avid Berney remembers the exact moment the Holocaust entered his life. It was when he was 11. A miniseries about it was on TV, which he wanted to watch with his grandmother. “There’s no reason for me to watch it,” she told him. “I lived it.”
Hungry for more information, he asked his father, also a survivor (he escaped with his parents when he was 3), for details. None were forthcoming. “He wasn’t interested in talking about it whatsoever,” he says.
He learned not to press the topic. Yet later, in his teens, while rifling through family keepsakes, he stumbled across his dad’s old passport, which was marked with a swastika. At the time, he figured nothing related to the Holocaust could seem as real to him as what he was holding in his hands.
It got even more real in 2005. That was when Berney, a civil rights lawyer in solo practice in Philadelphia, took 11 members of his family, including his parents, his two siblings, their significant others, and three grandchildren, on a 10-day trip to Germany. There weren’t any relatives to visit—“My grandmother and my father were the only Berneys I knew; everyone else was wiped out”—but Berney was able to fill in some blanks by walking his ancestral ground.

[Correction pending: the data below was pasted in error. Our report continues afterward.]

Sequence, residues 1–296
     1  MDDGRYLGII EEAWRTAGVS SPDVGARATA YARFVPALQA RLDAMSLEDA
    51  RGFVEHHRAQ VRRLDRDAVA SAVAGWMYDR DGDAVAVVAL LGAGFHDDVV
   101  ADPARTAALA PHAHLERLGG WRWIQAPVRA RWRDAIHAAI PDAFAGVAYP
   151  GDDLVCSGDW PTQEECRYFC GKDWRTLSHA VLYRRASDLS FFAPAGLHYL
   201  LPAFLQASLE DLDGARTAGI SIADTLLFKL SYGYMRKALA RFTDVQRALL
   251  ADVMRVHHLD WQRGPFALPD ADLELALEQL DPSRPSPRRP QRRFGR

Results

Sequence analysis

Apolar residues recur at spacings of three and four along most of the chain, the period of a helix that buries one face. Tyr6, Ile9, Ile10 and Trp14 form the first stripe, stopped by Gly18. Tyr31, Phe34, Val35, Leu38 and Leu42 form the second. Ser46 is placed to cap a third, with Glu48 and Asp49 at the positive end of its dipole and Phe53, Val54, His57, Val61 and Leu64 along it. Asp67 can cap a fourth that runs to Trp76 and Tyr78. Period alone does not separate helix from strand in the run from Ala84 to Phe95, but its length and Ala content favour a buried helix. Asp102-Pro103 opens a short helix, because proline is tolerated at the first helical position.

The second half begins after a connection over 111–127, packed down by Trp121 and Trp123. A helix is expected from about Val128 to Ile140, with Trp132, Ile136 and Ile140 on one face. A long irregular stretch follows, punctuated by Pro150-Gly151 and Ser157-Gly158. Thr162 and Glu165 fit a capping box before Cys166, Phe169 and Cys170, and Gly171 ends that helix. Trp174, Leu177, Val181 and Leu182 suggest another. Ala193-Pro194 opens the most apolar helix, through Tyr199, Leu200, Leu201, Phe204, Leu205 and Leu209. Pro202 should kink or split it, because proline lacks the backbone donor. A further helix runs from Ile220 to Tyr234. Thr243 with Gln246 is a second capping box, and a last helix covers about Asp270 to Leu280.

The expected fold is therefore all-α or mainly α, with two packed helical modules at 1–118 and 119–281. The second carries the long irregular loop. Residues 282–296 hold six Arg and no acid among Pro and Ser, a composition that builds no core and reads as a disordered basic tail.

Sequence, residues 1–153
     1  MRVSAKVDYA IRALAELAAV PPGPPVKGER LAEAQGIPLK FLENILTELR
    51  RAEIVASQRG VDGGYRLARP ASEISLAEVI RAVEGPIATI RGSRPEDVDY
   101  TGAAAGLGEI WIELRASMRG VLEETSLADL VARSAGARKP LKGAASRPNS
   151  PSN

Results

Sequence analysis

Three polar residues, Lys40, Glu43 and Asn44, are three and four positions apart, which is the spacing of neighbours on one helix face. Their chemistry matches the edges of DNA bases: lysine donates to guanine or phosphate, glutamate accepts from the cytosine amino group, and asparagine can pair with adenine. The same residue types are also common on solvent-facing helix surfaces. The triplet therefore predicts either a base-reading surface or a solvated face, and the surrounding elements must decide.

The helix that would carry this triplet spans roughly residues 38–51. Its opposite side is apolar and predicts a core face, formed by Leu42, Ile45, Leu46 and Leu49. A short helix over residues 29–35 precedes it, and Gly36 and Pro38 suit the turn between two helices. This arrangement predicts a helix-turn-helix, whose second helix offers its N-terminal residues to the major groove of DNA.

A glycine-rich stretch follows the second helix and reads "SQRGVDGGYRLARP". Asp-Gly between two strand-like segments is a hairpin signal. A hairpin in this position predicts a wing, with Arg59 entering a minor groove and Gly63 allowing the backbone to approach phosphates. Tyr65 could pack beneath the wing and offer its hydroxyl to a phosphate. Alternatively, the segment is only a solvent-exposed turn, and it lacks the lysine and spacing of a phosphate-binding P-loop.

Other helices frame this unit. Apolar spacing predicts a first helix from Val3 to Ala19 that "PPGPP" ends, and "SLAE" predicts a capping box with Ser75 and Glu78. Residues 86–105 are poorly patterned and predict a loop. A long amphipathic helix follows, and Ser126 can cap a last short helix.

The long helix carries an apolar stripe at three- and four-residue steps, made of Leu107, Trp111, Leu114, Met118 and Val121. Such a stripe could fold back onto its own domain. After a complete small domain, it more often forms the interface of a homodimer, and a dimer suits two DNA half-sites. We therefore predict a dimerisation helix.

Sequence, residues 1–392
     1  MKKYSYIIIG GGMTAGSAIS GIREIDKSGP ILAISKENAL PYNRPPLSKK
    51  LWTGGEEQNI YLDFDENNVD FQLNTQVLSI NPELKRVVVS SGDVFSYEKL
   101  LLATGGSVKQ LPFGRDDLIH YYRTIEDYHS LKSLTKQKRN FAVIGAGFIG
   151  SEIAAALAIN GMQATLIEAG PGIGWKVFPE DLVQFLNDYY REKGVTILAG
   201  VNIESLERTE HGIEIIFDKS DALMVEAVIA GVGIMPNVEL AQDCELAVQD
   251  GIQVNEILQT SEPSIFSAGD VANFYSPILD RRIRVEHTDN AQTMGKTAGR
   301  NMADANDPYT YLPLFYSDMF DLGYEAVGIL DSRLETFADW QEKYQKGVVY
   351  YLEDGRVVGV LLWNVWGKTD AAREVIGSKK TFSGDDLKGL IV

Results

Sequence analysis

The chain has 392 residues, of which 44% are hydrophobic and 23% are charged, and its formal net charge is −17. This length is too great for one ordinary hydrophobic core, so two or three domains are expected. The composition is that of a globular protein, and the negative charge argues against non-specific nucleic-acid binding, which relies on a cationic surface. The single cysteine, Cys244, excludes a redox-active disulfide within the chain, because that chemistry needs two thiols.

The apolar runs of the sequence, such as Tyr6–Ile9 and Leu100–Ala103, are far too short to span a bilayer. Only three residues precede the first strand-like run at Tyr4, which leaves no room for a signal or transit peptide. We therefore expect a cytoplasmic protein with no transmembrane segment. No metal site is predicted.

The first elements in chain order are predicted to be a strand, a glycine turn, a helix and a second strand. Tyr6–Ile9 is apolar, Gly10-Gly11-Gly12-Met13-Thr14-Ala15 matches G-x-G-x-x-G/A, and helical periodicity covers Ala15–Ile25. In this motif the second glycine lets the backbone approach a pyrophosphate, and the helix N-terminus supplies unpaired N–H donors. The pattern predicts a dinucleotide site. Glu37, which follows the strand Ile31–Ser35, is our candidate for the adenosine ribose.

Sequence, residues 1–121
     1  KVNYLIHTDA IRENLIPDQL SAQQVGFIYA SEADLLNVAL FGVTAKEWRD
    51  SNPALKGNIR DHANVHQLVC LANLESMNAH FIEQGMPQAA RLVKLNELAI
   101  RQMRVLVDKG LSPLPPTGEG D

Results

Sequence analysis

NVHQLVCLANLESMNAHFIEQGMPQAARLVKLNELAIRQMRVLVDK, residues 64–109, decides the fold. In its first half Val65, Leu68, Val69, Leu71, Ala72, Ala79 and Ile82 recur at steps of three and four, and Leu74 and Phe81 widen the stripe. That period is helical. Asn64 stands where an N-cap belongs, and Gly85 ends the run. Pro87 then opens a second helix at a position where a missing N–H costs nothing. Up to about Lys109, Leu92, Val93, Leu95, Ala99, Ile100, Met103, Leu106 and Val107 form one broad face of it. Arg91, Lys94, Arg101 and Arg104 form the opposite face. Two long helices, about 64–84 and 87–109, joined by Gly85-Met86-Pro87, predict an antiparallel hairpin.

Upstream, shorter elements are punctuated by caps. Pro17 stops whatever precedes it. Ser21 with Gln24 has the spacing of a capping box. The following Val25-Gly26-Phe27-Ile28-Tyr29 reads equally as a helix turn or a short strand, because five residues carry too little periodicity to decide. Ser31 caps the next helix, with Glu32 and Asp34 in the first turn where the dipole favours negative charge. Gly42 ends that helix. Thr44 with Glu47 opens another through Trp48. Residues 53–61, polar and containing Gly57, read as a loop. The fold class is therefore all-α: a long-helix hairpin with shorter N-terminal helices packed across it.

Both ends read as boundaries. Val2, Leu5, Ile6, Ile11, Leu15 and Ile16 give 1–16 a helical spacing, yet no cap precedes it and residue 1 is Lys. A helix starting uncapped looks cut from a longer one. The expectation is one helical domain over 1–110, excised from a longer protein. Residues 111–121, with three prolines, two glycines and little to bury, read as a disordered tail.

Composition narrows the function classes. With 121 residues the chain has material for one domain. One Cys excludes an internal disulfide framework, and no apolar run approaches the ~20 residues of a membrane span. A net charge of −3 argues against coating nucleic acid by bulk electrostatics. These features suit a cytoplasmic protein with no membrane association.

They visited Frankfurt, Munich, Nuremberg and the villages of Karbach and Gemünden. In Karbach, a village historian helped them trace their lineage back to the 17th century; they also found the cemetery where Berney’s great-grandparents are buried. In Gemünden, they visited a tourism information office that stocked a booklet about the town’s Jewish population; it mentioned Berney’s father, grandparents and great-grandparents. The office also had a photograph of the family house, since demolished, which is used as a postcard for tourists.
Berney, who is pursuing a Ph.D. in race theory at the New School of Social Research, found himself asking not only the obvious question—How could this happen?—but “Where were the lawyers?”
While the trip didn’t give him any satisfactory answers—there are none—it did provide him a sense of affirmation about his career. Since starting his practice in 1996, he has settled or won a slew of medical malpractice and consumer fraud cases on behalf of people wronged by large institutions.
“The financial rewards are not as high,” he says, “but I feel it’s important to make a difference.”
Anyone who doubts his sincerity need only look at the mission statement on his Web site: “Dedicated to fight for those individuals and disempowered segments of society whose voices are heard the least.”
They’re more than just words. He lives them.